BEDFORD — The Bedford County Nursing Home has put a temporary freeze on accepting new patients while county officials address a critical nursing staffing shortage at the facility.
Bedford County Nursing Home Administrator Sue Ellen Clark told the Bedford County Board of Supervisors on Monday the nursing home at 1229 County Farm Road, which has a 90-bed capacity, currently has 85 residents. Clark said the nursing home cannot accept new patients until some of the almost 50 available full- and part-time nursing positions have been filled.
“We had to put a temporary freeze on residents until we can address our staffing shortage,” Clark said. “With the staff we have right now, 85 is considered full.”
According to county staff reports, the nursing home currently employs 38 certified nursing assistants (CNAs), licensed practical nurses (LPNs) and registered nurses (RNs) and contracts an additional 22 nurses from outside agencies to supplement its staff. Clark said the facility has struggled with staffing shortages for the past several years.
“The Bedford County Nursing Home and a lot of other health care entities are facing a critical shortage of nursing staff,” Clark said. “We are almost officially in a wage war to recruit and retain staff.”
During its meeting Monday, the board unanimously approved a series of incentives to help fill the 23 full-time and 26 part-time openings at the nursing home. Incentives include a $500 sign-on bonus to full-time applicants and a $250 sign-on bonus to part-time applicants who successfully complete 90 days of employment; a $500 bonus to employees for referring a full-time applicant after the applicant completes 90 days of employment; a $100 bonus to recipients of the facility’s employee of the month program; and increasing the current shift differential for working second and third shifts from $1 an hour to $1.25 an hour.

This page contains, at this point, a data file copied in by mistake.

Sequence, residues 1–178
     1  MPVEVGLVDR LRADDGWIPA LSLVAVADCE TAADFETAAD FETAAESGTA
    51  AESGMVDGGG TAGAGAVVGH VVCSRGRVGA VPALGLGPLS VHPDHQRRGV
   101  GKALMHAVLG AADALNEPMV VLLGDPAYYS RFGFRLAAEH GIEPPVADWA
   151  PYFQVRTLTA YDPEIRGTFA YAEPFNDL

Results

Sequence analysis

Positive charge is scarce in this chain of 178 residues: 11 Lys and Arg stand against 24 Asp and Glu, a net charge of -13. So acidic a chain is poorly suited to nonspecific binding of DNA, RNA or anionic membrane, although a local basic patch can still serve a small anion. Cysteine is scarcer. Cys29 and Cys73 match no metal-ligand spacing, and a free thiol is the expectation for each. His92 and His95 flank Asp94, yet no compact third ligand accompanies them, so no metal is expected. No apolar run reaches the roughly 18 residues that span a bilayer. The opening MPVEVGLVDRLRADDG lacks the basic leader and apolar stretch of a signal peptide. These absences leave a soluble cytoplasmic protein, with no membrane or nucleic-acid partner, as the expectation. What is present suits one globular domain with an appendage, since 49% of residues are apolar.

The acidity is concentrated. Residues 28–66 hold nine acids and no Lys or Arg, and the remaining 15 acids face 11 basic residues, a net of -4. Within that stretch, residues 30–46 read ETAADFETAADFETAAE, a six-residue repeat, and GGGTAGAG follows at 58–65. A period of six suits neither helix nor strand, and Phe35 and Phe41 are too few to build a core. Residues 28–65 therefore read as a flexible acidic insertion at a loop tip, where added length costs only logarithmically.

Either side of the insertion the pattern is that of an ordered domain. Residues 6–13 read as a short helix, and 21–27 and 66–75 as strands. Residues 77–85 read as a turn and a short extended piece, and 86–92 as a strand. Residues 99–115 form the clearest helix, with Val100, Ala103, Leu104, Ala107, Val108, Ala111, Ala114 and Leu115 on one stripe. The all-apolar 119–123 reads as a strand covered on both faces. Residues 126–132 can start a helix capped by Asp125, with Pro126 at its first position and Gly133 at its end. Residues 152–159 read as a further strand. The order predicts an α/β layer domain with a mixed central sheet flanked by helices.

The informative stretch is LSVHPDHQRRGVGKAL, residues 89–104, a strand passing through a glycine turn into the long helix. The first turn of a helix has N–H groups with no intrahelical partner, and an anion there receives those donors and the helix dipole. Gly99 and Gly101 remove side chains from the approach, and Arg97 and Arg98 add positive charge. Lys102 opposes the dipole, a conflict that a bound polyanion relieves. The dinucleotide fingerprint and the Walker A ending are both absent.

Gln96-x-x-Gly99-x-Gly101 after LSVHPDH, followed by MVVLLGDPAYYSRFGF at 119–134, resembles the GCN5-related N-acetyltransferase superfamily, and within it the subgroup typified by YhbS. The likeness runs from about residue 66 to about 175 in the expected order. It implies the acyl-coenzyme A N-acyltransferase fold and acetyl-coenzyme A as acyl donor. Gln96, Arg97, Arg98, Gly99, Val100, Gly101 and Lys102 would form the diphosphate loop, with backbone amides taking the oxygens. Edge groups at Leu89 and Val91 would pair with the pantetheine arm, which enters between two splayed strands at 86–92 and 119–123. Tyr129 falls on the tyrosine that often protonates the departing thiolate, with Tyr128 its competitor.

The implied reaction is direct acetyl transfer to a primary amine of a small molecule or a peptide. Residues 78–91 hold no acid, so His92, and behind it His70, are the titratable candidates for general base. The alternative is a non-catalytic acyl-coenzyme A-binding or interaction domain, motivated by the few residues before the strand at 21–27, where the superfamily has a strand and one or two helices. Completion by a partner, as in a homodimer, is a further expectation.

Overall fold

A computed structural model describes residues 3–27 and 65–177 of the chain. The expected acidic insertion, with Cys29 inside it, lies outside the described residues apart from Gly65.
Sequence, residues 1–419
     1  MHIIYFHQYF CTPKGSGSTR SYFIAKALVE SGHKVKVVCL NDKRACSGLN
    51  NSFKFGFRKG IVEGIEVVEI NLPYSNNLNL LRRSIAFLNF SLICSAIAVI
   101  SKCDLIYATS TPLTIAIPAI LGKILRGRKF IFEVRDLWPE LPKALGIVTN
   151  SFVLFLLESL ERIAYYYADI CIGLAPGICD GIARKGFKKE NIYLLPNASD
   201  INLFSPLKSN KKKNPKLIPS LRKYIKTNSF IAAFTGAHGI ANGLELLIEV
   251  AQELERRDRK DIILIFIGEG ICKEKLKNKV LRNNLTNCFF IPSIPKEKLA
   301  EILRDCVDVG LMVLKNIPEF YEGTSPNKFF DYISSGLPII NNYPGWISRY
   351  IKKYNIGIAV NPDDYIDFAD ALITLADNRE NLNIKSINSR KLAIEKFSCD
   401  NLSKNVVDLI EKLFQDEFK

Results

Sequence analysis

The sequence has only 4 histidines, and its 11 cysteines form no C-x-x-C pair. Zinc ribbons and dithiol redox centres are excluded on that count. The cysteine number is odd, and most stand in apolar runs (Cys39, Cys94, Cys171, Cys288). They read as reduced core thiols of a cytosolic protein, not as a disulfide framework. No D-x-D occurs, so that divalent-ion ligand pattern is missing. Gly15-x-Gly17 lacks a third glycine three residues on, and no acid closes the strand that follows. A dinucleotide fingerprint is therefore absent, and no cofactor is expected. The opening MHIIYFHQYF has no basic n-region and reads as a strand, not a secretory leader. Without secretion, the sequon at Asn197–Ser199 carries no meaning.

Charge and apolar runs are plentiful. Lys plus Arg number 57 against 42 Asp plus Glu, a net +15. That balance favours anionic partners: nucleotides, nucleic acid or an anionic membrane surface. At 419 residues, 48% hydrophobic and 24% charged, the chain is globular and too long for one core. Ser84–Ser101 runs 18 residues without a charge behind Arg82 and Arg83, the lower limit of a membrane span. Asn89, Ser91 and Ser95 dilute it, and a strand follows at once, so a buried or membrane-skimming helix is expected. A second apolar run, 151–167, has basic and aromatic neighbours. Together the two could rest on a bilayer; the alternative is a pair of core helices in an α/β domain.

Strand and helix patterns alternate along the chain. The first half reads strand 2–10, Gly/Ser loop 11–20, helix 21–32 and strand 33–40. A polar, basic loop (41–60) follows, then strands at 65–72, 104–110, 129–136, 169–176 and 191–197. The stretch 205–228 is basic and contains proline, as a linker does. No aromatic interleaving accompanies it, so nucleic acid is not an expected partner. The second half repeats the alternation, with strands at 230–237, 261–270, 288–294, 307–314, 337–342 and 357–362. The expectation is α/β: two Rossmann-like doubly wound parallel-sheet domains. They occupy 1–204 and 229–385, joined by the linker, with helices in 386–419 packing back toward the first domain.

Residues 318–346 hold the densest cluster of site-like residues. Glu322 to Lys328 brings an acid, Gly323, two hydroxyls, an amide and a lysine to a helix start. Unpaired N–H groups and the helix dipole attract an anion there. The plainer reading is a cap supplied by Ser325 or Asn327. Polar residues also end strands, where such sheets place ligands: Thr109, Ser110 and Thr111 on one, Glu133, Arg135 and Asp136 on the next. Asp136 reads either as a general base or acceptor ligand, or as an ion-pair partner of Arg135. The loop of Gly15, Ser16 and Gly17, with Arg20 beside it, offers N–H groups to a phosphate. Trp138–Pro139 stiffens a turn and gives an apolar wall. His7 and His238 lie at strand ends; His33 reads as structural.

During its June 10 meeting, the board of supervisors approved a critical staff pay incentive that provides a cash bonus for staff members who pick up open shifts when the number of CNAs or LPNs fall below a safe level. Through the incentive program, a CNA picking up an open shift would receive a $75 bonus and a LPN would receive an additional $100.
“This is five incentives all together,” Davis said. “However, that is the name of the game now. We have to get out there and compete to fill these spots.”
District 6 Supervisor Andy Dooley said the board of supervisors needs to meet with nursing home staff during its next work session in July to discuss any additional action that may be needed to address the shortage.
“I would like to hear more about the history of this problem and talk about it some more,” Dooley said. “If we are not able to get a better handle on this what are we going to do down the road?”
Also during Monday’s meeting, the board of supervisors unanimously approved two special-use permit requests from Verizon Wireless to construct two monopole wireless communication towers in Huddleston. Verizon is proposing a 195-foot-tall monopole at 12253 Smith Mountain Lake Parkway and an 80-foot-tall monopole at 16538 Smith Mountain Lake Parkway to enhance cellular service in the area.
Several Huddleston residents attended Monday’s meeting to voice concerns about how the towers would affect their property values if constructed adjacent to their property.
“I would have never bought my home if I knew a tower was going to go up where I could see it,” one resident said during the meeting. “And no one is going to buy a piece of land with a tower next to it if I wanted to sell.”
District 2 Supervisor Tommy Scott said he supported approving the special-use permit because the towers will provide better cellular service to residents in the Huddleston area.
“People in that area are screaming for better cellular and internet services,” Scott said. “That is the number one thing we here from citizens out there. I understand you don’t want something built by you but these towers have to go somewhere if the residents are going to get the service they want.”